The New York Times
recently launched the first
parts of a multi-story investigation into data centers. Specifically, the series alleges that most data centers are energy pigs and environmental hazards, "sharply at odds with (the industry's) image of sleek efficiency and environmental friendliness." The Times
insists that data center energy consumption is gluttonous, backup generators (whatever those are) are poorly regulated diesel pollution machines, and the whole thing gets a pass to protect Silicon Valley's reputation as a shiny, happy, job-creating innovation machine:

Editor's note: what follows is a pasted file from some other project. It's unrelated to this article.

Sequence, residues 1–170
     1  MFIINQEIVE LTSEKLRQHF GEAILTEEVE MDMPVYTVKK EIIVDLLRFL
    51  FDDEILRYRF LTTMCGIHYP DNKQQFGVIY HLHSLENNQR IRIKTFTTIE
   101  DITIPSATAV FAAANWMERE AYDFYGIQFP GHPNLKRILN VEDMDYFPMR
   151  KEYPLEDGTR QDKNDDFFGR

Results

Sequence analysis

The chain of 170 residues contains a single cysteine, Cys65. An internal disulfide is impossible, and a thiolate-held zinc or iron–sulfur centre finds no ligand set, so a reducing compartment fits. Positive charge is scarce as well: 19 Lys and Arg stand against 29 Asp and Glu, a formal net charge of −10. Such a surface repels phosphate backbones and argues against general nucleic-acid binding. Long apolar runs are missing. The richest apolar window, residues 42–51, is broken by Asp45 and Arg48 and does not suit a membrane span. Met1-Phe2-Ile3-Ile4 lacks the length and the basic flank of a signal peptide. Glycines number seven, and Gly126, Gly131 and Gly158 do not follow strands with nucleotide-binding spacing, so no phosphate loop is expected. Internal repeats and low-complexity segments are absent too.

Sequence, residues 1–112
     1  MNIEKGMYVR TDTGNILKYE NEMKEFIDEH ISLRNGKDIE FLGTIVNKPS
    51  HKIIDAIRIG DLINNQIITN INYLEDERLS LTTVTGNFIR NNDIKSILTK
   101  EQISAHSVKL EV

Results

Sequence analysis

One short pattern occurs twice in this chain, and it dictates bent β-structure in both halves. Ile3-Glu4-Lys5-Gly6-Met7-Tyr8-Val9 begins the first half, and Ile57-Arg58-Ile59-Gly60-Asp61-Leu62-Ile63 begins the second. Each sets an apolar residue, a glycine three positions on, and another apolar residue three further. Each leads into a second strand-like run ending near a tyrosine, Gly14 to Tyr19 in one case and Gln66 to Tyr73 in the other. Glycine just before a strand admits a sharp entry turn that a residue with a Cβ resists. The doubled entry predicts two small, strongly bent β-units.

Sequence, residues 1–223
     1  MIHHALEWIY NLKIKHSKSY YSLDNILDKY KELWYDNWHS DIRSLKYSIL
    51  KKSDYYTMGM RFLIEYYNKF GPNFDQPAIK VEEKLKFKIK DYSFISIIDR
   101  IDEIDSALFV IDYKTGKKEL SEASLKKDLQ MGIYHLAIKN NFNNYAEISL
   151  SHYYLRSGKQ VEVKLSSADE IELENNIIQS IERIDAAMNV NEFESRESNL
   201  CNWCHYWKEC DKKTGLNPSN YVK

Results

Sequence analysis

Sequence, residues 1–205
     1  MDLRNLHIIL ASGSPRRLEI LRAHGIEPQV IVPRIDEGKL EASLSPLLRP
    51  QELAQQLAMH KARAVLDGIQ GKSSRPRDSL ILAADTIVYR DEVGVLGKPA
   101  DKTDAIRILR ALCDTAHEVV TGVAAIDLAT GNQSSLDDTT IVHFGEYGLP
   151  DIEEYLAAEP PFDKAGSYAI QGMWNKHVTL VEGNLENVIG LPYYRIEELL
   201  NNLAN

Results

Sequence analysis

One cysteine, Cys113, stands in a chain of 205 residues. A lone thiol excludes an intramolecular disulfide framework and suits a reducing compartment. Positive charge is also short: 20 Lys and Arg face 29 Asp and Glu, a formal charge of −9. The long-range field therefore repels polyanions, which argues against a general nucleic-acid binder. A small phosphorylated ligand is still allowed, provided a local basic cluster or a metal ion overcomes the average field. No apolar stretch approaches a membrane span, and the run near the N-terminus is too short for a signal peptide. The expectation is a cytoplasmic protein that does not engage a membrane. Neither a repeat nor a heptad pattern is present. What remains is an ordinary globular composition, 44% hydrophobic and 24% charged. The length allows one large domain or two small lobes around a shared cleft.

"This is an industry dirty secret, and no one wants to be the first to say mea culpa," said a senior industry executive who asked not to be identified to protect his company’s reputation. "If we were a manufacturing industry, we’d be out of business straightaway."
The response from the tech sector (and Silicon Valley specifically) to the Times
story was swift and brutal. Wired News
insists that things are changing and the Times
just missed it. Silicon-Valley based GigaOM
also accused the Times
of reporting using a time machine from 2006
, because, apparently, the cited pollution and energy drain issues have been resolved.
Some of the criticism seems legitimate (ZDNet
does a good job pointing out cases of overly-dramatic hysteria in the piece), and some of it seems like crying from Silicon Valley because their industry was painted as something other than a shiny, exceptional, cloud-driven innovation Utopia.